Salgado’s Genesis: Photos of the Unexplored World
Once you’ve seen a Sebastião Salgado photograph, there’s no erasing the image from your mind. The 69-year-old Brazilian photographer, famed for his arresting, black-and-white images, has dedicated much of his life to capturing humanity on camera—and has gained status as one of the most revered photojournalists on the planet because of it. He is perhaps best known for his photographs of labourers working the Serra Pelada gold mine in Brazil (a haunting series that shows both the heart-wrenching effort and admirable determination of the country’s miners), as well as various works documenting social struggles around the globe.
But after decades of photographing social justice issues, Salgado says he needed a switch in focus. In the 90s, Salgado and his wife, Lélia Wanick Salgado, began a rainforest restoration project that included the planting of more than two million trees in the Brazilian rainforest, and the conversion of his own land into a nature reserve.
And his latest project, Genesis, is a reflection of his renewed focus on environmental awareness and preservation.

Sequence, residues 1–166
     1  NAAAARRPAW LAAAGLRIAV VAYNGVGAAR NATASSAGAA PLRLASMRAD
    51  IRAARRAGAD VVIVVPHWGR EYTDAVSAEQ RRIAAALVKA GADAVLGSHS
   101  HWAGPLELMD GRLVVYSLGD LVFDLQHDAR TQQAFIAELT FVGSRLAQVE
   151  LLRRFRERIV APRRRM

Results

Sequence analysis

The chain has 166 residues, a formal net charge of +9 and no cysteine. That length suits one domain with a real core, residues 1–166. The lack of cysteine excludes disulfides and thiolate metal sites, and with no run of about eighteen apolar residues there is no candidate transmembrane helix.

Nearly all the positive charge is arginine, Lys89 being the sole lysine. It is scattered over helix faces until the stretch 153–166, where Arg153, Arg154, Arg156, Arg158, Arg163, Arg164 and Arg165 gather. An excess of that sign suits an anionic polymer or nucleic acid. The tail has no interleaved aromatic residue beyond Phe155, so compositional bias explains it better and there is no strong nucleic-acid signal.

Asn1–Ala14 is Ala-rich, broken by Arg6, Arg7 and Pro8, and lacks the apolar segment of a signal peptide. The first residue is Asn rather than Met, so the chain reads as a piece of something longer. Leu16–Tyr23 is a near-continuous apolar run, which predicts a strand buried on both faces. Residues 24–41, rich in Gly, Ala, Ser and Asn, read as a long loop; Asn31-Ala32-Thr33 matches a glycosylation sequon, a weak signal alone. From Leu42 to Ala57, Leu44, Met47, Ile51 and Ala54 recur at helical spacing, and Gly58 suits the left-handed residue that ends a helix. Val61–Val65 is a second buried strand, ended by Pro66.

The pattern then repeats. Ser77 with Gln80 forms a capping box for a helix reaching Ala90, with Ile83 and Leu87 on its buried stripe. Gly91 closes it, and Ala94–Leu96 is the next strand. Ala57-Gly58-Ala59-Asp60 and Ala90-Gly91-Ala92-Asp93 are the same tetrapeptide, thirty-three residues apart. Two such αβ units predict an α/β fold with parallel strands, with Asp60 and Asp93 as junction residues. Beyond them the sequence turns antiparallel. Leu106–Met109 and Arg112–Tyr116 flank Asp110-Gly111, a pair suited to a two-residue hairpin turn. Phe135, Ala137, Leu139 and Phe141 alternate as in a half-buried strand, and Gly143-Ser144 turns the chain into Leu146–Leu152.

“I grew up in a paradise, ” he says of his childhood spent on farmland in Brazil. On the opening night of his Genesis exhibit at the Royal Ontario Museum in Toronto, he told a crowded room how his and Lélia’s conservation efforts inspired him to photograph the other paradises of the world, the places that remain pristine, as they were at the beginning of time.
Salgado spent eight years travelling to some of the world’s most remote, untouched destinations, such as the shores of Antarctica and the forests of the Amazon. He lived with tribes that have had minimal contact with the modern world, observing their traditions, their beliefs and their habits—and capturing it all with his camera lens.
“Human experience hasn’t changed in 50, 000 years, ” he says. “What’s important hasn’t changed—love, community, solidarity.”
According to Salgado, approximately 45 percent of the planet is exactly as it was at the beginning of time—at genesis, if you will, although he adds that his use of the term is not meant to be in the biblical sense. His goal with this project was to show the world what exists beyond the concrete jungles and to show us how we can get back to nature and our collective roots.
“You’re in Toronto or Montreal, not Canada, ” he told the audience at the ROM. He urged the crowd to get outside their cities and see what raw power and untamed wilderness lives even just within our own country—let alone what can be found in the wilds of the rest of the globe.
Travel+Escape caught up with Salgado at the ROM to talk about living with some of the world’s most isolated peoples, and the exhibit that he refers to as a “love letter to the planet.”
The Genesis exhibit will be travelling the globe until 2015. For a full list of museums showing the exhibit, click here.